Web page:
Colorectal cancer is when abnormal cells grow together in the colon or rectum to form polyps, and those polyps can turn into cancer. It’s called colon or rectal cancer depending on where the polyp is located.
Colorectal cancer is the third most common cancer in the U.S.—the second leading cause of cancer-related deaths among men and the third leading cause for women. It occurs mostly in people older than 50.
An estimated 60 percent of colorectal cancer deaths could be prevented if people were screened routinely.
We don’t know what causes a polyp to become cancerous. Colon polyps are common, but need to be found early to avoid turning into cancer.
Symptoms are usually not evident until the cancer starts to spread.
- Blood in stool or very dark stools
- Stools that are narrower than usual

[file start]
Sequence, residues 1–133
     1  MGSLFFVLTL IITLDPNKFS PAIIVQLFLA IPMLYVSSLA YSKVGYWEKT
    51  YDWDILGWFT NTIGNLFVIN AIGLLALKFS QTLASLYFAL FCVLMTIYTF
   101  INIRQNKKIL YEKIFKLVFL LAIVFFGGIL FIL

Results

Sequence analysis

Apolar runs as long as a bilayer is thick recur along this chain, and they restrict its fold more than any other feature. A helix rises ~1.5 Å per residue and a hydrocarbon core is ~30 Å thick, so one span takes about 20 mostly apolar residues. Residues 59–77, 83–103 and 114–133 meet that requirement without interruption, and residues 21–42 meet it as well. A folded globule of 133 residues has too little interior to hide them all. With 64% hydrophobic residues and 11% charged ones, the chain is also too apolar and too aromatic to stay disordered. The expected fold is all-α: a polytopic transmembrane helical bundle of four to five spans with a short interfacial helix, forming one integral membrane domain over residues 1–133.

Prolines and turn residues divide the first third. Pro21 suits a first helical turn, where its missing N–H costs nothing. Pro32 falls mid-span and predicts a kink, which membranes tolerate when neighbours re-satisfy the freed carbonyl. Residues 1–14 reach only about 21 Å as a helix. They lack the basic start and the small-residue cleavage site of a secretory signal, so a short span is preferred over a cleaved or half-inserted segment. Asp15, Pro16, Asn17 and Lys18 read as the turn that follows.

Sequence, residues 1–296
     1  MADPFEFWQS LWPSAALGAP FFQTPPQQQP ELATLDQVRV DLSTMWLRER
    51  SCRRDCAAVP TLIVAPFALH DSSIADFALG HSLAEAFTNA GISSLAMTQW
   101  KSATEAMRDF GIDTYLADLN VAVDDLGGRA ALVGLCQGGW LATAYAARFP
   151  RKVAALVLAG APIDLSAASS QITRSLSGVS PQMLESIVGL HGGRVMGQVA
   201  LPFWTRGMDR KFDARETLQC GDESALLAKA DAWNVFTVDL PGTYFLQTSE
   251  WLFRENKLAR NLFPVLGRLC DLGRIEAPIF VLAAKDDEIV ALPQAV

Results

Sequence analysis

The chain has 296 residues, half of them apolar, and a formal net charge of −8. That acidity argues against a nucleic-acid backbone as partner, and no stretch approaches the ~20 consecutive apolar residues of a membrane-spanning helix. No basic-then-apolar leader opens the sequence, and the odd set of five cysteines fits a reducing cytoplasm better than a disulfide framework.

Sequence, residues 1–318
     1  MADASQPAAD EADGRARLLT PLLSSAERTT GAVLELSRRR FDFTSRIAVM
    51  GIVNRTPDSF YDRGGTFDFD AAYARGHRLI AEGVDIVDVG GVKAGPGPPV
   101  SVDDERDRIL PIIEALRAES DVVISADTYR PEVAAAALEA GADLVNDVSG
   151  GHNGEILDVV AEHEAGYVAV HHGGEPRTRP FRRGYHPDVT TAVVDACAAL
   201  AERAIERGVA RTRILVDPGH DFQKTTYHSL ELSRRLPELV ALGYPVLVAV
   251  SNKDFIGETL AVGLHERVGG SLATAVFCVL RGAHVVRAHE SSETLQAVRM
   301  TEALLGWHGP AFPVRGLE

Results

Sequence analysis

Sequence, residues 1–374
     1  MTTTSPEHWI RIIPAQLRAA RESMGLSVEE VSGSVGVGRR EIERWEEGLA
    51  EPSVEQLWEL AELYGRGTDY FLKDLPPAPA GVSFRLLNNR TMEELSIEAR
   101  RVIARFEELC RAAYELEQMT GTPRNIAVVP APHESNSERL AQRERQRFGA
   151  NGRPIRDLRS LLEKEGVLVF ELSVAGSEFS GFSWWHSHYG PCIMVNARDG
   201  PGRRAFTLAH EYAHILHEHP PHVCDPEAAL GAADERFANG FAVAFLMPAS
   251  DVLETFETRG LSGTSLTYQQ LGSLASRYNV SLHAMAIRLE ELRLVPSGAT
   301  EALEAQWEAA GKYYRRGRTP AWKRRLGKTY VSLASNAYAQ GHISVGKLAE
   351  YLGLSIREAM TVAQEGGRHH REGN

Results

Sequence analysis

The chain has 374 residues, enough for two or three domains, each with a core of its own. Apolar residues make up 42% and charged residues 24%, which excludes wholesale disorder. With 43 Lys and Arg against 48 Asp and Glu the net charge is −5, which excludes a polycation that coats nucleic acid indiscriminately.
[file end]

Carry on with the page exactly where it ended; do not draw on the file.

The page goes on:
- Change in bowel habits—more frequent or feeling that the bowels are not emptying completely
- Frequent gas pains or cramps
- Diarrhea or constipation
Diagnosis and screenings
The American Cancer Society recommends regular screenings for everyone age 50 and older. The doctor will do a visual test and/or stool-based test.
- Visual exams include:
- A colonoscopy every 10 years. This screening test involves using a thin, flexible tube with a camera on the end to allow the doctor to see the inside of the colon and rectum. A colonoscopy involves removing polyps and taking tissue samples of abnormal polyps.
- A flexible sigmoidoscopy every 5 years. This test is similar to a colonoscopy, but only covers the lower part of the colon.
- Stool-based tests include:
- A highly sensitive fecal immunochemical test (FIT) every year
- A highly sensitive guaiac-based fecal occult blood test (gFOBT) every year
- A multi-targeted stool DNA test (MT-sDNA) every 3 years
When colorectal cancer is caught early, the survival rate is 90 percent. It’s usually treated with surgery, chemotherapy, or radiation.